see entry 19).
Despite previous reports in the literature
on iron-catalyzed transformations of allylic
phosphates,[22] effective cross-coupling of
the more abundant allylic halides have not
yet been described. Entries 14 and 24–29,
however, show that complex 1 is highly
adequate for this purpose. In all cases
investigated, the aryl group is introduced
regioselectively at the least hindered site of
the allylic system. Propargyl bromides
behave equally well; only minor amounts,
if any, of allenic by-products are formed
under the chosen conditions (entries 30–32).
Although the development of this
method was driven by the assumption that
the ferrate complex 1 might mimic the
behavior of the alleged iron clusters that
supposedly operate under “in situ” conditions,[8, 10] a concise mechanistic interpretation of the results outlined above is not yet
possible. While the complete loss of optical
purity in the reaction of (R)-2-bromooctane
(98 % ee) with PhMgBr (entry 12) could be
explained by either an organometallic or by
a radical pathway, the fact that the 2iodoacetal derivative shown in entry 33
undergoes ring-closure prior to cross-coupling seems to indicate radical intermediates
in this particular case.[23] Care, however,
must be taken in generalizing this, because
several other compounds set up for analogous 5-exo-trig pathways do not cyclize
under otherwise identical conditions (cf.
entries 13, 14, 25, 32). Moreover, tertiary
halides remain unchanged, although they
would afford the most stabilized alkyl radicals. In further studies we aim to unravel the
mechanistic basis of this versatile ironcatalyzed alkyl–aryl coupling process and
fully explore its preparative scope.
1
2
3
4
5
6
PhMgBr
PhLi
p-MeOC6H4MgBr
p-ClC6H4MgBr
p-PhC6H4MgBr
m-(Me3Si)2NC6H4MgBr
94/89[a] (X = H)
92 (X = H)
95 (X = OMe)
67 (X = Cl)[b]
93 (X = Ph)[b]
88 (X = NH2)[b,c]
7
p-MeC6H4MgBr
95
8
9
PhMgBr
PhMgBr
96 (X = I)
61 (X = Br)
10
2,4-(CH3)2C6H3MgBr
94
11
PhMgBr
74[b]
12
PhMgBr
93
13
PhMgBr
89
14
PhMgBr
84
15
PhMgBr
91
16
PhMgBr
88
17
PhMgBr
83 (X = I)
18
PhMgBr
90
19
20
21
PhMgBr
PhMgBr
p-PhC6H4MgBr
86
87 (X = H)
85 (X = Ph)[b]
22
PhMgBr
95
23
PhMgBr
87
24
PhMgBr
94
25
PhMgBr
93
26
PhMgBr[d]
96
27
PhMgBr
87
Experimental Section
28
29
PhMgBr
PhMgBr[d]
97
98
30
PhMgBr
93[e]
31
PhMgBr
96[f ]
32
PhMgBr
87[g]
Representative example: Table 1, entry 26: A
solution of 2-benzoyl-6-bromo-2-(4-bromo-but-2enyl)-hex-4-enoic acid ethyl ester (228 mg,
0.5 mmol) in THF (1 mL) was added to a solution
of [Li(tmeda)]2[Fe(C2H4)4] (1) (9 mg, 5 mol %) in
THF (3 mL) at 20 8C under argon, causing an
immediate color change from green to red. At that
point, PhMgBr (1m in THF, 1.2 mL, 1.2 mmol)
was added dropwise, and the resulting mixture
was stirred at 20 8C for 5 min. Quenching of the
reaction with saturated aq NH4Cl followed by a
4046
2004 Wiley-VCH Verlag GmbH & Co. KGaA, Weinheim
www.angewandte.de
Angew. Chem. 2004, 116, 4045 –4047
Angewandte
Chemie
Table 1: (Continued)
[7] A. C. Frisch, N. Shaikh, A. Zapf,
M. Beller, Angew. Chem. 2002,
114, 4218 – 4221; Angew. Chem.
Int. Ed. 2002, 41, 4056 – 4059.
[8] The following recent publications
33
PhMgBr
85[b]
report iron-catalyzed arylations of
alkyl halides using structurally
undefined catalysts formed “in
[h]
34
PhMgBr
77
situ”: a) M. Nakamura, K.
Matsuo, S. Ito, E. Nakamura, J.
Am. Chem. Soc. 2004, 126, 3686 –
[a] Only 1 mol % of complex 1 was used. [b] The reaction was performed at 0 8C. [c] After hydrolytic work3687; b) T. Nagano, T. Hayashi,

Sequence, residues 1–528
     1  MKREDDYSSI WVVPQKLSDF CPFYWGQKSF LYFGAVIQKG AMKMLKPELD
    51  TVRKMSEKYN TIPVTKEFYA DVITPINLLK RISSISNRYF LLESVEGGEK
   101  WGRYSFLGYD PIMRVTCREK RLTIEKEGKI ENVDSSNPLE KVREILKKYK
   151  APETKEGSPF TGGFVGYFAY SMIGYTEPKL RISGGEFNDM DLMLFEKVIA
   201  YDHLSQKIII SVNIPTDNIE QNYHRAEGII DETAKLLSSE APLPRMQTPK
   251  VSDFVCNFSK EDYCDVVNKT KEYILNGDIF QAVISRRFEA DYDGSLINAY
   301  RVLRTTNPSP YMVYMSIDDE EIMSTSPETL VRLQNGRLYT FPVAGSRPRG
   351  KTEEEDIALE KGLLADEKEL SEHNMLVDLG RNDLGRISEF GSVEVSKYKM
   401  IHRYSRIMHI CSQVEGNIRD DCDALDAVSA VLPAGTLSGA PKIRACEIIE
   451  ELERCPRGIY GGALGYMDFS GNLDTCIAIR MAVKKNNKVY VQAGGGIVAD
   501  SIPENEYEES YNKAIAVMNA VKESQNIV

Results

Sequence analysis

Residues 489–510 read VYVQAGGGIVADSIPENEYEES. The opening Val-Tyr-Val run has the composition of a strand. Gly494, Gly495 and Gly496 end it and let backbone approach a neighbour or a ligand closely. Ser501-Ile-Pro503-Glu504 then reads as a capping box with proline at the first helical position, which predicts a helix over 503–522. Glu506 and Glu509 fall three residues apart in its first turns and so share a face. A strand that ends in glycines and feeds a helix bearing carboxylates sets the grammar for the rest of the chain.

up. [d] Using 2 equiv of PhMgBr. [e] 15:1 mixture with 1,1-diphenylallene. [f ] 5:1 mixture with 1-phenyl-1Org. Lett. 2004, 6, 1297 – 1299.
trimethylsilylallene. [g] No allene by-product detected in the crude mixture. [h] No incorporation of the
[9] J. K. Kochi, Acc. Chem. Res. 1974,
phenyl group was observed.
7, 351 – 360.
[10] a) A. FMrstner, A. Leitner, M.
MOndez, H. Krause, J. Am.
standard extractive work-up and flash chromatography (hexanes/
Chem. Soc. 2002, 124, 13 856 – 13 863; b) A. FMrstner, A. Leitner,
ethyl acetate 4:1) of the crude product afforded 2-benzoyl-6-phenylAngew. Chem. 2002, 114, 632 – 635; Angew. Chem. Int. Ed. 2002,
2-(4-phenyl-but-2-enyl)-hex-4-enoic acid ethyl ester as a colorless
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solid (217 mg, 96 %). 1H NMR (CDCl3, 400 MHz): d = 0.92 (t, J =
in press.
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[11] a) A. FMrstner, A. Leitner, Angew. Chem. 2003, 115, 320 – 323;
4.61 (d, J = 6.2 Hz, 2 H), 5.23 (m, 2 H), 7.31 ppm (m, 15 H); 13C NMR
Angew. Chem. Int. Ed. 2003, 42, 308 – 311; b) G. Seidel, D.
(CDCl3, 100 MHz): d = 13.6, 30.8, 30.9, 52.8, 52.9, 60.3, 60.4, 77.8, 77.9,
Laurich, A. FMrstner, J. Org. Chem. 2004, 69, 3950 – 3952.
124.86, 124.9, 125.0, 126.3, 126.6, 127.8, 127.9, 128.7, 128.8, 143.6,
[12] B. Scheiper, M. Bonnekessel, H. Krause, A. FMrstner, J. Org.
143.7, 146.7, 175.8, 175.8 ppm; IR (film): ñ = 3066, 2941, 1771, 1743,
Chem. 2004, 69, 3943 – 3949.
1646, 1617, 1448, 1265, 1150, 1048, 906, 791 cm 1; elemental analysis
[13] A. FMrstner, D. De Souza, L. Parra-Rapado, J. T. Jensen, Angew.
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Chem. 2003, 115, 5516 – 5518; Angew. Chem. Int. Ed. 2003, 42,
5358 – 5360.
[14] B. Scheiper, F. Glorius, A. Leitner, A. FMrstner, Proc. Natl. Acad.
Received: April 29, 2004 [Z460504]
Sci. USA, in press.
Published Online: July 7, 2004
[15] A. FMrstner, M. MOndez, Angew. Chem. 2003, 115, 5513 – 5515;
Angew. Chem. Int. Ed. 2003, 42, 5355 – 5357.
Keywords: alkyl halides · cross-coupling · Grignard reagents ·
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Entry
Substrate
RMgX/RLi
Product
Yield [%]
.
Angew. Chem. 2004, 116, 4045 –4047
www.angewandte.de
2004 Wiley-VCH Verlag GmbH & Co. KGaA, Weinheim
4047
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alkyl, complex, reagents, low, couplings, halide, iron, grignard, cross, valenti, aryl, catalyzed